East Central Oklahoma Emergency Communications Network
From The RadioReference Wiki
Public Trunked Radio System
|Name||East Central Oklahoma Emergency Communications Network|
|Owner||Citizen Potawatomi Nation, Midwest City, University of Oklahoma Health Sciences Center|
|Type||Project 25 Phase II|
|WPAD662, WQUX259, WRAT822, WRCP467, WQWZ372, WRCL725, WRDA331|
|Database||FCC Site Map|
|Forum||RR Site Map|
Wiki Home → Collaboration Gateway → United States → Oklahoma → multiple Counties → East Central Oklahoma Emergency Communications Network TRS
Welcome to the East Central Oklahoma Emergency Communications Network collaboration article, a Multi-County Public Trunked Radio System located in multiple Counties, Oklahoma, United States.
This is where you, the user, may index any articles you develop for scanning related topics for this Trunked Radio System.
- Some talkgroups on this system may be using P25 Phase II TDMA modulation, which can only be monitored using a P25 Phase II capable scanner or receiver.
- Click HERE for a list of scanners capable of monitoring those talkgroups.
RR DB Listings
Beginning in 2015, the Citizen Potawatomi Nation made a significant investment in its infrastructure that provides countywide radio communication for first responders. While Oklahoma Multi-Agency Communications System (OMACS) was first implemented to serve the Citizen Potawatomi Nation, that scope expanded. In recent years, the City of Midwest City and University of Oklahoma Health Sciences Center also have become infrastructure partners in the system.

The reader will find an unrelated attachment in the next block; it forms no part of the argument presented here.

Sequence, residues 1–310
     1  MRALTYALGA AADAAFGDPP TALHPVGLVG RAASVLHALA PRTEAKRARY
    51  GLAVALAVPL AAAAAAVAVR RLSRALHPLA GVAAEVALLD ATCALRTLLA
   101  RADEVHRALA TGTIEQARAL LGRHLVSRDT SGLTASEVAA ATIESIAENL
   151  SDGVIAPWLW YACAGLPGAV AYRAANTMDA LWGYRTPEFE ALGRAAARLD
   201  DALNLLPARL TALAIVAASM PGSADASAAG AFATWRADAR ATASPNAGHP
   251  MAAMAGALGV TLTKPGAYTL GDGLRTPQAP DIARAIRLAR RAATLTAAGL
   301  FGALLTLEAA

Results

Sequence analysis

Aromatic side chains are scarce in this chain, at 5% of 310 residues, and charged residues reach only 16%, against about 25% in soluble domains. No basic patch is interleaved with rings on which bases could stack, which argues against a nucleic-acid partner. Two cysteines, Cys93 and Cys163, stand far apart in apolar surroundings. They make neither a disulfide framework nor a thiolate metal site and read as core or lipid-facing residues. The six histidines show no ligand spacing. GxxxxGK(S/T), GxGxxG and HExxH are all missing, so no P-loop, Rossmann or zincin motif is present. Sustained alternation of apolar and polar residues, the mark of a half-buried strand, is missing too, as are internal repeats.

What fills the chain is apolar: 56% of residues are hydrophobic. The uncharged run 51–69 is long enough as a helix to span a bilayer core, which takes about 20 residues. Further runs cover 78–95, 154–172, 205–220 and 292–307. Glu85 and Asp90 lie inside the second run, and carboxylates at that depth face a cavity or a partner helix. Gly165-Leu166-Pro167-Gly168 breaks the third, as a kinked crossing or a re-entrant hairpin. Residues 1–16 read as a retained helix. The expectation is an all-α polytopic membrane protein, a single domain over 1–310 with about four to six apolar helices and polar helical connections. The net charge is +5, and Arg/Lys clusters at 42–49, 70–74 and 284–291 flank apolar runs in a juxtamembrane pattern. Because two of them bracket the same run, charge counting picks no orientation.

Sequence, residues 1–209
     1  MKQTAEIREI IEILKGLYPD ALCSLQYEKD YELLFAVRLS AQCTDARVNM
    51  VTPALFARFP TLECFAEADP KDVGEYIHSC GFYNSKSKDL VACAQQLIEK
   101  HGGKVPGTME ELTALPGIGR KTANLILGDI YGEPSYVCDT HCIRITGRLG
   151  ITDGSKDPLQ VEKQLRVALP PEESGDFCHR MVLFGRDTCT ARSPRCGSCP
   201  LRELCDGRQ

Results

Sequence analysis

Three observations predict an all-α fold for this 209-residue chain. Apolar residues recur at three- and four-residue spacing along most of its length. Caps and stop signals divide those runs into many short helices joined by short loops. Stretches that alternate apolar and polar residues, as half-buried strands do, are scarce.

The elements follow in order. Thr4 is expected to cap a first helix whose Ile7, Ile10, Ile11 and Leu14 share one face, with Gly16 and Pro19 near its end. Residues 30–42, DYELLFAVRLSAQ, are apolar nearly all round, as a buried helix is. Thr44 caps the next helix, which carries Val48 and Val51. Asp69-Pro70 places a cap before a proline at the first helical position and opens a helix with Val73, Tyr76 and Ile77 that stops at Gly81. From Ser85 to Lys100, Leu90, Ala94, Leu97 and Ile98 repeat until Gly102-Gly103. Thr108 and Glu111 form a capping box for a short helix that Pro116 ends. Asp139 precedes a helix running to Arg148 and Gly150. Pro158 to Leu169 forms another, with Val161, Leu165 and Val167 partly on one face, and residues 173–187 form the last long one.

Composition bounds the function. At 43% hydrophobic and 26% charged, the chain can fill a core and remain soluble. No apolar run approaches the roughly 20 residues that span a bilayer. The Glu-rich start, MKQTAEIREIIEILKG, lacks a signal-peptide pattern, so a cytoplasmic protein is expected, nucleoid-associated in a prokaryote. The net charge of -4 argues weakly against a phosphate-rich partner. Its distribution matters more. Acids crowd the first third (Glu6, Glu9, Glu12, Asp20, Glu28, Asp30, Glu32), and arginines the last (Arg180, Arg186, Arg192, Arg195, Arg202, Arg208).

OMACS provides a stable, secure framework for interoperable communications among tribal, state, county, and local first responders. This standards-based public safety communication system supports first responders in their service to citizens. As of June 2020 the system spans over 2,000 square miles, has 6 radio towers and includes more than 2,500 radios.
The system is at the forefront of public safety communications. It provides rapid response and facilitates cooperation of emergency personnel through expanding coverage and advanced technology. It is a reliable, easy-to-use system that adheres to national standards. System operation is monitored 24 hours a day to ensure its readiness to assist Oklahoma’s first responders.
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